Former MPs, Ministers of State renew appeal for gratuity
Former Members of Parliament (MPs) and Ministers of State, under the presidency of Dr Hilla Limann in the Third Republic, have renewed their appeal to the government to pay their gratuity and other entitlements that come with their status as former MPs and ministers
are also calling for the restoration of vehicles that they were entitled to but which were seized by the state following the December 31, 1981 revolution.
The appeal was made by the Organiser of the Ghana Association of Past Members of Parliament and Ministers of State, Nana Yanful Impraim, who was also the Action Congress Party (ANC) MP for the Ajumako-Breman-Enyan Constituency in the Central Region during the Third Republic.
Also in that fold of former MPs is former President John Agyekum Kufuor, who was then a Popular Front Party (PFP) MP for the Atwima Nwabiagya Constituency.
Third Republic MPs
A total of 140 MPs were elected in the general election of June 18, 1979. Out of the number, the People’s National Party (PNP) had a majority of 71 seats, with the Popular Front Party (PFP) following with 42 seats.
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The United National Convention (UNC) had 13 seats, while the Action Congress Party (ANC) had 10 seats, with the Social Democratic Front (SDF) managing three seats. There was one independent candidate.
According to Nana Impraim, the former MPs were duly sworn into office in September 1979 after having been elected by their various constituencies to represent them in Parliament while ministers and their deputies were also nominated and approved by the then Parliament.
He recounted that they worked for 27 months without salaries.
Moreover, he indicated that members were entitled to gratuity as stated under article 95 and 96 of the Third Republican Constitution.
Nana Impraim contended that but for the 1981 coup d’état, they would have completed their term and, therefore, they should be deemed to have completed their terms.
He, therefore, maintained that they were entitled to gratuities and also their vehicles that were seized should be returned to them or alternatively be replaced for them.
Appeal to the President
They are appealing to President Nana Addo Dankwa Akufo-Addo to pay their compiled outstanding salaries, as well as gratuities with accrued interest.
Nana Impraim recollected that some of his colleagues had died over the period after the association had made several appeals to after government for their plight to be considered but nothing concrete had so far been done.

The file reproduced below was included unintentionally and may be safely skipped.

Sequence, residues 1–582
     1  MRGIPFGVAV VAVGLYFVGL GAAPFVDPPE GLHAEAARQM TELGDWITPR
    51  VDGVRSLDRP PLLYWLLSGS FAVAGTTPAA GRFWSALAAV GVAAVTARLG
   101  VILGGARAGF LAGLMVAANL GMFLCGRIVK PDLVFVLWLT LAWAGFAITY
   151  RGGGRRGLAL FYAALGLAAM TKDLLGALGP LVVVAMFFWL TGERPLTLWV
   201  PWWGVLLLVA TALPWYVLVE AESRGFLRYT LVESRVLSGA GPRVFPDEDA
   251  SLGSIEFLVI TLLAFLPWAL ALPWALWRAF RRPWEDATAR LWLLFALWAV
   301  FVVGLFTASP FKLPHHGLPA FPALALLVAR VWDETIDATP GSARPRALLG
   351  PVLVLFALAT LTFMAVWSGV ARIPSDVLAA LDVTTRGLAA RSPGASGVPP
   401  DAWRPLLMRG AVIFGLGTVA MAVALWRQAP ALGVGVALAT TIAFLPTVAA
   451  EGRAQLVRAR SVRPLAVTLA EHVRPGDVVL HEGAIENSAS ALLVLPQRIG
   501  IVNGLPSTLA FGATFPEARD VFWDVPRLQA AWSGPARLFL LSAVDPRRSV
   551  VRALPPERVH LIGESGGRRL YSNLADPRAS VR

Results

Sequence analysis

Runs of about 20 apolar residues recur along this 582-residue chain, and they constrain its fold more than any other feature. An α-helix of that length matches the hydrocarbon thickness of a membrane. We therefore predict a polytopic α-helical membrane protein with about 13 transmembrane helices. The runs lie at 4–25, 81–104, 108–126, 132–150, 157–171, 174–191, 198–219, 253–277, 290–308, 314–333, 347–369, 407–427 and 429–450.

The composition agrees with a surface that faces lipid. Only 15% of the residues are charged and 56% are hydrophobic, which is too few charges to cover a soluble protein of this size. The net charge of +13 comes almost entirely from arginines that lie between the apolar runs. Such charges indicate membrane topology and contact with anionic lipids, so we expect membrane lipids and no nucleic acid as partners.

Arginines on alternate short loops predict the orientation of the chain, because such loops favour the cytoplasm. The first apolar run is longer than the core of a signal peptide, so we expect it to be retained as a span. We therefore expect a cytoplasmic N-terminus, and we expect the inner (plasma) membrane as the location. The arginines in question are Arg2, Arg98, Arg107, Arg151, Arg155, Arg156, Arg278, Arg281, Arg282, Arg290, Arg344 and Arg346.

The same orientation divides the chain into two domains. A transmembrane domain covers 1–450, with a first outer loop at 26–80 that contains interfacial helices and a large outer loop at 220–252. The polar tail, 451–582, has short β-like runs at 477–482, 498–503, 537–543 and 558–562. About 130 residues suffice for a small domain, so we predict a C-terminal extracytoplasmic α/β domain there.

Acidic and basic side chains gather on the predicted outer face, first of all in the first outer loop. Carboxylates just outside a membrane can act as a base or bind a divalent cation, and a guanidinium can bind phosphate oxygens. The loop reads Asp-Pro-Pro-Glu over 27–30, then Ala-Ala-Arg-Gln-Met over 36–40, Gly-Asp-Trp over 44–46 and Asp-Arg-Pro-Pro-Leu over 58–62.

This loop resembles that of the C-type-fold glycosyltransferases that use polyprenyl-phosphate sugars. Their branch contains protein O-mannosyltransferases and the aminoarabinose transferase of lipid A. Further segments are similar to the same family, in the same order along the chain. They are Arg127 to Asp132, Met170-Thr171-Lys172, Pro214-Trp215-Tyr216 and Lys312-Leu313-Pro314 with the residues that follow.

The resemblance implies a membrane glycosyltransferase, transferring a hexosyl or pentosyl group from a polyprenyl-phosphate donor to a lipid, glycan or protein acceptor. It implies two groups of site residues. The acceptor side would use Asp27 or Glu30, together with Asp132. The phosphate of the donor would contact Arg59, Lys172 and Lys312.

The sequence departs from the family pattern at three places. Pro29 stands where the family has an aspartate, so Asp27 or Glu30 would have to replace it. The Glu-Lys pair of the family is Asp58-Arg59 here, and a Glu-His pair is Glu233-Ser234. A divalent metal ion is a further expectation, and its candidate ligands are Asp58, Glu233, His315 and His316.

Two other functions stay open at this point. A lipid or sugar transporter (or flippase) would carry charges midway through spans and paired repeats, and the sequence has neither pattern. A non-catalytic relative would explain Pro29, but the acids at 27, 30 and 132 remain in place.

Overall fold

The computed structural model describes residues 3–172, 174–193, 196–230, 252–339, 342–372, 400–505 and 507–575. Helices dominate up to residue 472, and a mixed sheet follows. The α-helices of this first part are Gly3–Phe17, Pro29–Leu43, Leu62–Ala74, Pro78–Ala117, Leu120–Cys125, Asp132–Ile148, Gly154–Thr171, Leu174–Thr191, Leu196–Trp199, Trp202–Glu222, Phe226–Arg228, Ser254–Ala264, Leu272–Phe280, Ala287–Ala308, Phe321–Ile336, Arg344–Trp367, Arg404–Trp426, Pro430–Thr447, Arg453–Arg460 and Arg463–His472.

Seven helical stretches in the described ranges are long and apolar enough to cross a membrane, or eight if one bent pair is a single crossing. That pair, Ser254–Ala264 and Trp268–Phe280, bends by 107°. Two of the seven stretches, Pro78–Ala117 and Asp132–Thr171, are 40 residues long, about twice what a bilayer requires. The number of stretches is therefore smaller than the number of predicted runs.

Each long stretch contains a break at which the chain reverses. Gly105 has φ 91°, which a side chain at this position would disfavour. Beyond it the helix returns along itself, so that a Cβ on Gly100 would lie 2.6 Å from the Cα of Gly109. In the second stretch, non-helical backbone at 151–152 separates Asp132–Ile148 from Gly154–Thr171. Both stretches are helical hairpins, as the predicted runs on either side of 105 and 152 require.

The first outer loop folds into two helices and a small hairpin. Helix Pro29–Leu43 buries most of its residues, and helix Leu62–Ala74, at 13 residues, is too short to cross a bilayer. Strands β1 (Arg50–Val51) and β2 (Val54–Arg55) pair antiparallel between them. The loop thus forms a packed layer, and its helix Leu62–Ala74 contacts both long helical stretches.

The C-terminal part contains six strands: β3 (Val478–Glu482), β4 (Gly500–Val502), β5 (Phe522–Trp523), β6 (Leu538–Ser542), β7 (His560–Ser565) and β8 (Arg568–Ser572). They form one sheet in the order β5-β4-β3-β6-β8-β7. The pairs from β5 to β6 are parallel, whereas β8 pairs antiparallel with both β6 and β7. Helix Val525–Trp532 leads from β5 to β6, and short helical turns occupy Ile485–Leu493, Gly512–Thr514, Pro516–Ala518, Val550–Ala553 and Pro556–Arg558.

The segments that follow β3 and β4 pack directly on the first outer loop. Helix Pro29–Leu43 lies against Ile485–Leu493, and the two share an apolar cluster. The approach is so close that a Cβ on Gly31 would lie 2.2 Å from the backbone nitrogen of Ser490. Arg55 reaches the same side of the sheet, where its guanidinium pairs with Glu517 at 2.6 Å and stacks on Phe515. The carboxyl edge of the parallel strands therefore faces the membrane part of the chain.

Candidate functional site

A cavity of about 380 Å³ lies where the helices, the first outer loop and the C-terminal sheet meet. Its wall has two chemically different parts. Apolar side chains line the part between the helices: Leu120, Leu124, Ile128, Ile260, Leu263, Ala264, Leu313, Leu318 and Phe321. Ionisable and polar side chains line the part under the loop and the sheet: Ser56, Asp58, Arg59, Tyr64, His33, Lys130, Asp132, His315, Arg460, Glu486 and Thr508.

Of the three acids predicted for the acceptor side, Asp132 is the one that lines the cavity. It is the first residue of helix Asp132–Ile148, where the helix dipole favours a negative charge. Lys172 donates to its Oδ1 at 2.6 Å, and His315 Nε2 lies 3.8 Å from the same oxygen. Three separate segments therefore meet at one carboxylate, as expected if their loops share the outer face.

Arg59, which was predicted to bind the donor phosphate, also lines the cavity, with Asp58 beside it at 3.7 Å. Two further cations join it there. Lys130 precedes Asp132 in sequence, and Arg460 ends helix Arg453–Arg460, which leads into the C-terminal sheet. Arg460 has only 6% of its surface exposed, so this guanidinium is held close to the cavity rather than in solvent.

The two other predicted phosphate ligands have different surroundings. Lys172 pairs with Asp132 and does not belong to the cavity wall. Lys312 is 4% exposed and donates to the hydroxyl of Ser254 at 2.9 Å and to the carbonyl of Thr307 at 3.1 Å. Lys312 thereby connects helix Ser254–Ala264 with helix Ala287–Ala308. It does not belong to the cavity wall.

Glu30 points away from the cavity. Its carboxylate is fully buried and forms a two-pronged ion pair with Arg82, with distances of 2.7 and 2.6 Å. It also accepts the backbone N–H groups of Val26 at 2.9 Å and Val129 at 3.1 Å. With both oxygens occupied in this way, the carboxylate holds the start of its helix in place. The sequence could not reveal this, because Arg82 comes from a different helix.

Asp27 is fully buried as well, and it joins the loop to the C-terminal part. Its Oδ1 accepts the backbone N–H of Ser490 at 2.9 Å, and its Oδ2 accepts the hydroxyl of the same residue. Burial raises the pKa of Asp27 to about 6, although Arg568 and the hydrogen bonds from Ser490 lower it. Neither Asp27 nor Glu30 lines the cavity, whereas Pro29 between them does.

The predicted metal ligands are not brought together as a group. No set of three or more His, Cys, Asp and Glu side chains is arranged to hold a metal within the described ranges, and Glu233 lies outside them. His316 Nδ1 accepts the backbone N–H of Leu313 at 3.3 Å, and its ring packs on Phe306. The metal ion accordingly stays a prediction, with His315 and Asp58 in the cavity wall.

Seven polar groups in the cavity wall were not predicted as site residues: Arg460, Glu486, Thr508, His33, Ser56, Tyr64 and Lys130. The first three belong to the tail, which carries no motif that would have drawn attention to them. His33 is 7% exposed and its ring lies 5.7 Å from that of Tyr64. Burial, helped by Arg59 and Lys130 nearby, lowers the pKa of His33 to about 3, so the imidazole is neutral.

He was of the view that as an association of former MPs and ministers, they had not been fairly treated by the state since the coup of December 31, 1981.
Mr Impraim recounted that former President John Mahama initiated moves to sort out their issues when there was a change in government.
background of the Third Republic
On September 24, 1979, the Third Republic took off with the handing over of power from a military regime to a civilian administration.
The Armed Forces Revolutionary Council (AFRC), led by then Flight Lieutenant Jerry John Rawlings, handed power to Dr Limann following an election that went into a run-off.
On Monday, June 18 1979, the elections took place. The People’s National Party (PNP), an off-shoot of the Convention People’s Party (CPP), made up largely of Nkrumah elements, narrowly won the parliamentary majority, but the presidential contest was too close to call and a run-off election between Dr Limann of the PNP and Victor Owusu of the PFP, also an offshoot of Busia’s Progress Party (PP), was scheduled for July 9, during which Dr Limann won by a narrow margin.
But that constitutional regime was not going to last long, with allegations of inefficiency and rot at the heart of the government.
Allegations raised against the Limann government included the fact that contracts and import licences were shared among ministers and their cronies, while the public suffered unduly by queueing for basic items such as bread, soap and kerosene.
More so, factory workers, who had been inspired by June 4 to demand probity in their workplaces, were allegedly deliberately corrupted by being allocated some of the goods which they produced so that they could sell them at the factory gates at “” or exorbitant prices.
While not much was done to arrest the deterioration of the country’s infrastructure, later investigations of State Protocol requisition books revealed that Limann’s cabinet meetings consumed huge amounts of hard liquor.
Based on these allegations and others, Flt Lt Rawlings took back control of the country as the Chairman of the Provisional National Defence Council (PNDC) on December 31, and ruled the country for 11 years after which the Fourth Republic was ushered in with the general election of 1992.